Four long years passed between Meriwether Lewis' farewell to President Thomas Jefferson at Monticello, and his return, with William Clark, to St. Louis. The explorers had paddled down the Ohio and the Mississippi Rivers in the shade of giant hardwood trees; pushed up the Missouri River through vast prairies teeming with immense herds of bison; climbed the steep, snow-covered Rocky Mountains; rafted to the Pacific Ocean through boiling rapids filled with salmon on the Columbia River; and returned to the city from which they had departed.
Lewis and Clark set out in search of the Northwest Passage. They found instead a well-populated land already connected by timeworn trade routes. Aided by Indian guides, the Corps of Discovery battled terrain and weather, collected plant and animal specimens, charted mountains and rivers, and wrote it all down, for their president and for posterity.
Two years into this journey, Captain Lewis had already seen unbelievable sights. Despite the daily wonders, on June 13, 1805, he gazed upon a scene that left him frustrated, unable to describe what his eyes saw and his heart felt. "that I might be enabled to give to the enlightened world some just idea of this truly magnifficent and sublimely grand object, . . ."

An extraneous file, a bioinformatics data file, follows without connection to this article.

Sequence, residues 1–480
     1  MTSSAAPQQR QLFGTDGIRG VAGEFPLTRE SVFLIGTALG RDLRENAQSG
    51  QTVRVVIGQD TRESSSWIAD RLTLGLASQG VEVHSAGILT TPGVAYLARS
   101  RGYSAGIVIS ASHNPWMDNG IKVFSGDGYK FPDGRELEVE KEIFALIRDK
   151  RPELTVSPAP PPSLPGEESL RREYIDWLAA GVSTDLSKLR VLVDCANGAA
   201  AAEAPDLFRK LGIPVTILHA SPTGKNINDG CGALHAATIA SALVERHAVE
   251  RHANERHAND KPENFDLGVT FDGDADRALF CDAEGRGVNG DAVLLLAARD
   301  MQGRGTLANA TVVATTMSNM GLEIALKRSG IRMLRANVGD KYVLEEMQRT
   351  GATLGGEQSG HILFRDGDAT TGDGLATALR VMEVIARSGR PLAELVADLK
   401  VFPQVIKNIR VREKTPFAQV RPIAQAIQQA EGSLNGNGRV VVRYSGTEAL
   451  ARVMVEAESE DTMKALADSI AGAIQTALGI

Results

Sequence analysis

Lewis was expressing his awe at seeing the Great Falls of the Missouri for the first time. This excitement of discovery keeps us yearning for the next horizon, for the next revelation of the unknown, for a new taste of the wild. the Corps of Discovery described an important point in history for native peoples, wildlife and the West.Their journals left us a legacy of scientific inquiry and stories that inspire and inform us still.While we cannot relive their journey, we can recreate their adventure by visiting the dynamic landscapes they saw on National Forests and Grasslands along the Lewis and Clark National Historic Trail.